National Company Law Tribunal (NCLT) - Powers, Functions and Mandate [UPSC Notes]

The National Company Law Tribunal or NCLT is a quasi-judicial body in India adjudicating issues concerning companies in the country. It was formed on June 1, 2016, as per the provisions of the Companies Act 2013 (Section 408) by the Indian government. In this article, you can read a brief about the National Company Law Tribunal for IAS Exam. This is an important topic in the UPSC Syllabus.

To complement your preparation for the IAS Exam, check the following links:

What is National Company Law Tribunal?

NCLT was formed based on the recommendations of the Justice Eradi Committee that was related to insolvency and winding up of companies in India.

As of now, the Ministry of Corporate Affairs has 15 NCLT benches. Check the list of NCLT benches below:

National Company Law Tribunal – Benches

Name of NCLT Bench – Location Jurisdiction of the NCLT Bench
NCLT Principal Bench & New Delhi Bench – New Delhi Delhi
NCLT Ahmedabad Bench
  • Gujarat
  • Dadra and Nagar Haveli
  • Daman and Diu
NCLT Allahabad Bench
  • Uttar Pradesh
  • Uttarakhand
NCLT Amaravati Bench Andhra Pradesh
NCLT Bengaluru Bench. Karnataka
NCLT Chandigarh Bench
  • Himachal Pradesh
  • Jammu and Kashmir
  • Punjab
  • Chandigarh
  • Haryana
NCLT Chennai Bench
  • Tamil Nadu
  • Puducherry
NCLT Cuttack Bench
  • Chhattisgarh
  • Odisha
NCLT Guwahati Bench
  • Arunachal Pradesh
  • Assam
  • Manipur
  • Mizoram
  • Meghalaya
  • Nagaland
  • Sikkim
  • Tripura
NCLT Telangana Bench Telangana
NCLT Indore Bench Madhya Pradesh
NCLT Jaipur Bench Rajasthan
NCLT Kochi Bench
  • Kerala
  • Lakshadweep
NCLT Kolkata Bench
  • Bihar
  • Jharkhand
  • West Bengal
  • Andaman and Nicobar Islands
NCLT Mumbai Bench
  • Goa
  • Maharashtra

Each Bench is headed by a President, 16 judicial members, and 9 technical members. The current and the first President of the NCLT is Justice MM Kumar.

Aspirants should also know that the National Company Law Appellate Tribunal (NCLAT) is a tribunal which was formed by the government under Section 410 of the Companies Act, 2013. NCLAT is responsible for hearing appeals from the orders of the National Company Law Tribunal.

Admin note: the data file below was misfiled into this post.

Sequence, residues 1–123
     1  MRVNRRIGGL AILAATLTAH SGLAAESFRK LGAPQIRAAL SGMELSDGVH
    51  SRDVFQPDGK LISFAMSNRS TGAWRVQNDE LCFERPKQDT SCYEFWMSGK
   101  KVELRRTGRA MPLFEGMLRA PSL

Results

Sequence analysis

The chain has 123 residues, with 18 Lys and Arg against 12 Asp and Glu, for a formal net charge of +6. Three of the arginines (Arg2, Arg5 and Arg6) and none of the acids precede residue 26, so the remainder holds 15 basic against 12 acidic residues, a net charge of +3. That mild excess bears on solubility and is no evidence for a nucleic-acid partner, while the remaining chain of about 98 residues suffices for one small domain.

Decisions taken by the NCLT can be appealed to the National Company Law Appellate Tribunal (NCLAT). The decisions of the NCLAT can be appealed to the Supreme Court on a point of law.

NCLT Functions

  • All proceedings under the Companies Act such as arbitration, arrangements, compromise, reconstruction, and winding up of the company will be disposed of by the Tribunal.
  • The NCLT is also the Adjudicating Authority for insolvency proceedings under the Insolvency and Bankruptcy Code, 2016.
  • In the above-mentioned subjects, no civil court will have jurisdiction.
  • The NCLT has the authority to dispose of cases pending before the Board for Industrial and Financial Reconstruction (BIFR), as well as, those pending under the Sick Industrial Companies (Special Provisions) Act, 1985.
  • Also to take up those cases pending before the Appellate Authority for Industrial and Financial Reconstruction.
  • It can also take up cases relating to the oppression and mismanagement of a company.

The topic, NCLT, is a part of the GS-II syllabus of the UPSC Exam. Candidates can find the complete GS 2 Structure, Strategy, and Syllabus in the linked article.

National Company Law Tribunal – UPSC Notes:- Download PDF Here

Multiple Choice Question

Consider the following statements

  1. The National Company Law Tribunal or NCLT is a quasi-judicial body in India adjudicating issues concerning companies in the country. It was formed on June 1, 2016, as per the provisions of the Companies Act 2013 (Section 408)
  2. A quasi-judicial body is a non-judicial body which can interpret law. It is an entity such as an arbitrator or tribunal board, generally of a public administrative agency, which has powers and procedures resembling those of a court of law or judge, and which is obliged to objectively determine facts and draw conclusions from them so as to provide the basis of official action.
  3. Tribunals were constituted with the objective of delivering speedy, inexpensive and decentralized adjudication of disputes in various matters. Tribunals are not originally a part of the Constitution of India. They were introduced in 1985. 
  4. Income Tax Appellate Tribunal (ITAT) was established in 1941. The orders passed by this tribunal are final and an appeal lies to the High Court only if a substantial question of law arises for determination.

Choose the correct answer from the below-given options

  1. Only Statements 1 and 4 are true.
  2. Only Statements 1 and 3 are true
  3. Only statements 2,3 and 4 are true.
  4. All the above statements are true.

 

Answer: D

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